Home » Ask the Therapist » Blackouts?


Asked by on with 1 answer:

Hi! I have bpd (with no known comorbidity) and for a while now I’ve been dissociating to the point where I’ve been told I’ve gone through my day like normal (or like I’m half asleep in some cases) and I wasn’t there for anything. Like I’d come out and not remember that I just went to work or did laundry, normal stuff. I’ve had entire conversations that I don’t remember having. How could I just black out and go on with my day if I’m not there??? There are some times we’re I also feel like I’m dreaming constantly. Are any of these symptoms normal for bpd? I haven’t been seen by a professional in ages and I just wonder if this is “normal” for bpd.


Answered by on -


You mentioned that you have BPD but I wasn’t certain if you meant borderline personality disorder or bipolar disorder. Both of those are sometimes referred to by the same acronym.

In either case, blackouts are not commonly associated with either of those disorders. The fact that you disassociate might suggest that you have a history of trauma. Blackouts and disassociation are associated with disorders such as dissociative identity disorder (DID), which was formerly known as multiple personality disorder. People with DID commonly report these types of experiences as do others with trauma histories. Typically, people with DID have trauma histories and thus they commonly co-occur.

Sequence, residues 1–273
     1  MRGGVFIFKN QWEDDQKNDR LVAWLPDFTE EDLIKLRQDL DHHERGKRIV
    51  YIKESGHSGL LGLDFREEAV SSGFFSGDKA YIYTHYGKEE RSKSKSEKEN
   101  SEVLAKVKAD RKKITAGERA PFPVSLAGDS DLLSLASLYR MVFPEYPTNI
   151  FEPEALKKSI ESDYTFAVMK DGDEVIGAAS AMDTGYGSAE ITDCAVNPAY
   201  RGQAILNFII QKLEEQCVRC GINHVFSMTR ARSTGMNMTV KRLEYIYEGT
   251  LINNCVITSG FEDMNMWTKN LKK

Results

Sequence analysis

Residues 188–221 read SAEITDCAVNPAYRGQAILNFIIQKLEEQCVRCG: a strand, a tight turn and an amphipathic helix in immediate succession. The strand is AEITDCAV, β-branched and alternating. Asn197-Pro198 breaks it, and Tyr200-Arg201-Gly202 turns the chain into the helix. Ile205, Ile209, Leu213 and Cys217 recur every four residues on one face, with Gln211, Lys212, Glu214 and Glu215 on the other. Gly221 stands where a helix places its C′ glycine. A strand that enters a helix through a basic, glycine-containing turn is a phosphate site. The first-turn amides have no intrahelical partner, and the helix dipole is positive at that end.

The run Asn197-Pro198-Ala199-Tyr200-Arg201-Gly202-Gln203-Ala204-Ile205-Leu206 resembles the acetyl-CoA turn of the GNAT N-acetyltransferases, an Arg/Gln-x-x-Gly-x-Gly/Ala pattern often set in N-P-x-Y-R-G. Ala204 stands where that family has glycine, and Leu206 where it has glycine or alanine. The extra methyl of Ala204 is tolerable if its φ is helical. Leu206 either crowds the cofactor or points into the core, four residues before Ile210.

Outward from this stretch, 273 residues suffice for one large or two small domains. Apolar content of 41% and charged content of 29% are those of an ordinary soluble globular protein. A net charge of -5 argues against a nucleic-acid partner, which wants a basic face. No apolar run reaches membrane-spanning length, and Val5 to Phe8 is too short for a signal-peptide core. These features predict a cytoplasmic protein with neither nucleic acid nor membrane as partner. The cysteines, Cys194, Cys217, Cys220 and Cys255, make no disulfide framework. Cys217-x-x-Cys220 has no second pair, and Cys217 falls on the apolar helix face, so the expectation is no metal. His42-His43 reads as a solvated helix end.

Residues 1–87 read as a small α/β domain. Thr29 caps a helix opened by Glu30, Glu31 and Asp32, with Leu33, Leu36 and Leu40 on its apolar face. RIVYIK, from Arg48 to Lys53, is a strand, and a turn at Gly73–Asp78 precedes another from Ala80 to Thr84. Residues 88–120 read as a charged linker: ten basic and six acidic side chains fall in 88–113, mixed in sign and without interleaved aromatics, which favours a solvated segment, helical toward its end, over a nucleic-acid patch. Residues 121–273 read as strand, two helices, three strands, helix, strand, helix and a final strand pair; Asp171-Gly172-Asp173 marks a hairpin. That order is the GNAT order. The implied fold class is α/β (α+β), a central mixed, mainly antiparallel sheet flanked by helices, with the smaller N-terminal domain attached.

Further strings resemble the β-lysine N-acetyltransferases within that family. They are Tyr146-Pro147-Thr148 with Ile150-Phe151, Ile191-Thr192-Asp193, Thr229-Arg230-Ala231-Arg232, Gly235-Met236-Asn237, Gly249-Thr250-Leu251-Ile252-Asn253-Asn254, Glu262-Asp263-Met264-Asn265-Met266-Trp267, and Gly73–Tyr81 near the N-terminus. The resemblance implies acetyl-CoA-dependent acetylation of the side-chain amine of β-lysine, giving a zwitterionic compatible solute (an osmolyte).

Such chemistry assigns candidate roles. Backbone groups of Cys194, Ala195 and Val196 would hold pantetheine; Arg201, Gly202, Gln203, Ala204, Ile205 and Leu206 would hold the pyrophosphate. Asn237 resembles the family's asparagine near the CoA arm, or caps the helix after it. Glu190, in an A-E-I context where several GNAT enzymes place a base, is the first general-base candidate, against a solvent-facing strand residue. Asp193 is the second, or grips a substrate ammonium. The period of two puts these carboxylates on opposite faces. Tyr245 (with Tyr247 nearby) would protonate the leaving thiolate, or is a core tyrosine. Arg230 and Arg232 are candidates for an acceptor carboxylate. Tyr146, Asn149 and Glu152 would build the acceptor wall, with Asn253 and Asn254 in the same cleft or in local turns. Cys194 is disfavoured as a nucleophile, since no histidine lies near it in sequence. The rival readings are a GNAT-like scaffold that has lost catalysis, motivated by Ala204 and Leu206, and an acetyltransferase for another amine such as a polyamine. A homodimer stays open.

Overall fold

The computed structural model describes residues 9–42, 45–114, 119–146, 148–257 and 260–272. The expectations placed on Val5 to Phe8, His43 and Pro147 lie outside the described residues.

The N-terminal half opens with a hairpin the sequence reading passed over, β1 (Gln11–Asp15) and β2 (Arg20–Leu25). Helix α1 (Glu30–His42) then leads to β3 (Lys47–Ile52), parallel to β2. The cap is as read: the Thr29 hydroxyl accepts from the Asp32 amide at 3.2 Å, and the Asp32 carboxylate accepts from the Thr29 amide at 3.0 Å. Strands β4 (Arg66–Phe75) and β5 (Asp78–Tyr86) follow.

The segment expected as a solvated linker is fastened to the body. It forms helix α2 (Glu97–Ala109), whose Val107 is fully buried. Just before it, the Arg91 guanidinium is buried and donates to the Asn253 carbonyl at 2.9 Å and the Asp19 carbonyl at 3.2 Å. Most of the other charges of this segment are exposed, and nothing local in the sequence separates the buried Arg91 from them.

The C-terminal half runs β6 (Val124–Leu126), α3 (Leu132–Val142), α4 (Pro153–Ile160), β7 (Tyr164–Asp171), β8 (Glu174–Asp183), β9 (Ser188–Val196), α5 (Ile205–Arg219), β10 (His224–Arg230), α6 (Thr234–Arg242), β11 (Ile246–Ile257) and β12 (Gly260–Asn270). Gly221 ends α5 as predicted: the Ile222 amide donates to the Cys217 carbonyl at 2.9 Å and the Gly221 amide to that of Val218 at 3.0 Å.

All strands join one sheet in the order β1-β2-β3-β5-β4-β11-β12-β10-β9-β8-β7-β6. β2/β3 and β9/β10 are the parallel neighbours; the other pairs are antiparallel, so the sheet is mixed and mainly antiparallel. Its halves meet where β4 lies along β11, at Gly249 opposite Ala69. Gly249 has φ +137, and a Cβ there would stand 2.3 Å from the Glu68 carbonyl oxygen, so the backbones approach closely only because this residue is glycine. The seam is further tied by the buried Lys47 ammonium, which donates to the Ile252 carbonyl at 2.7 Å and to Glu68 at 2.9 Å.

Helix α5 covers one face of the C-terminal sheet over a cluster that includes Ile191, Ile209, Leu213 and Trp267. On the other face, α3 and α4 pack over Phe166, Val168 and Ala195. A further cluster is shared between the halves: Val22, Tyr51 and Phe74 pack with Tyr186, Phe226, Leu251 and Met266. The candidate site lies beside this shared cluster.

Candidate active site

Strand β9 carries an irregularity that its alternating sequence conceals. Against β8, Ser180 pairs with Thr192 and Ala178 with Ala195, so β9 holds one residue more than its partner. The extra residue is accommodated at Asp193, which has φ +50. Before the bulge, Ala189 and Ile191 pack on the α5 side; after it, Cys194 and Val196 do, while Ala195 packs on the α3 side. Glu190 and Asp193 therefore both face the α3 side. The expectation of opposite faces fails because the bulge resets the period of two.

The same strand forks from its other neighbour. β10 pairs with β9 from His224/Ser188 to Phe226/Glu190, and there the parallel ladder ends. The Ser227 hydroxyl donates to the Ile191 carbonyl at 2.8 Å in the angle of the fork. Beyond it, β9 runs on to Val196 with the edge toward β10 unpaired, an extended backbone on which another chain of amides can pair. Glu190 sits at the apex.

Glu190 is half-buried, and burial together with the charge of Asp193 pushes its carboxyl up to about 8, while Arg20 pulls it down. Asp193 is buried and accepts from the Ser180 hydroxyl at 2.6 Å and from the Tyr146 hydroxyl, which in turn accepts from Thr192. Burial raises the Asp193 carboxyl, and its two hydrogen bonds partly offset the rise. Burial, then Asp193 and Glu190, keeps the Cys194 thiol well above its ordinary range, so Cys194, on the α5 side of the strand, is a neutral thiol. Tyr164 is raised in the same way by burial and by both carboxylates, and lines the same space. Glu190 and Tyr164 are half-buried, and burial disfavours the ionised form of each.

Dissociative fugue is an extreme form of disassociation that involves individuals temporarily losing their identity and engaging in unexpected forms of travels. Some people find themselves in a place with no memory of having traveled there. Dissociative fugue is a rare condition and it is thought to be a psychological response to extreme trauma.

It would be wise to undergo a physical evaluation from a medical professional. That would be a good first step in trying to determine what might be wrong. It’s important to rule out any medical causes.

It would also be advisable to consult a therapist who specializes in trauma. If possible, try recording yourself throughout the day to get a visual of what happens when you experience a loss of time. Virtually all smartphones have the capacity to video record. It would be useful to have that information to determine what might be happening during those bouts of amnesia. It could contain valuable information for any therapist investigating this problem. Thank you for your question. Good luck and please take care.

Dr. Kristina Randle


Therapists live, online right now, from BetterHelp:

Kristina Randle, Ph.D., LCSW

Kristina Randle, Ph.D., LCSW is a licensed psychotherapist and Assistant Professor of Social Work and Forensics with extensive experience in the field of mental health. She works in private practice with adults, adolescents and families. Kristina has worked in a large array of settings including community mental health, college counseling and university research centers.

APA Reference
Randle, K. (2019). Blackouts?. Psych Central. Retrieved on December 3, 2020, from
Scientifically Reviewed
Last updated: 10 Jun 2019 (Originally: 11 Jun 2019)
Last reviewed: By a member of our scientific advisory board on 10 Jun 2019
Published on Psych All rights reserved.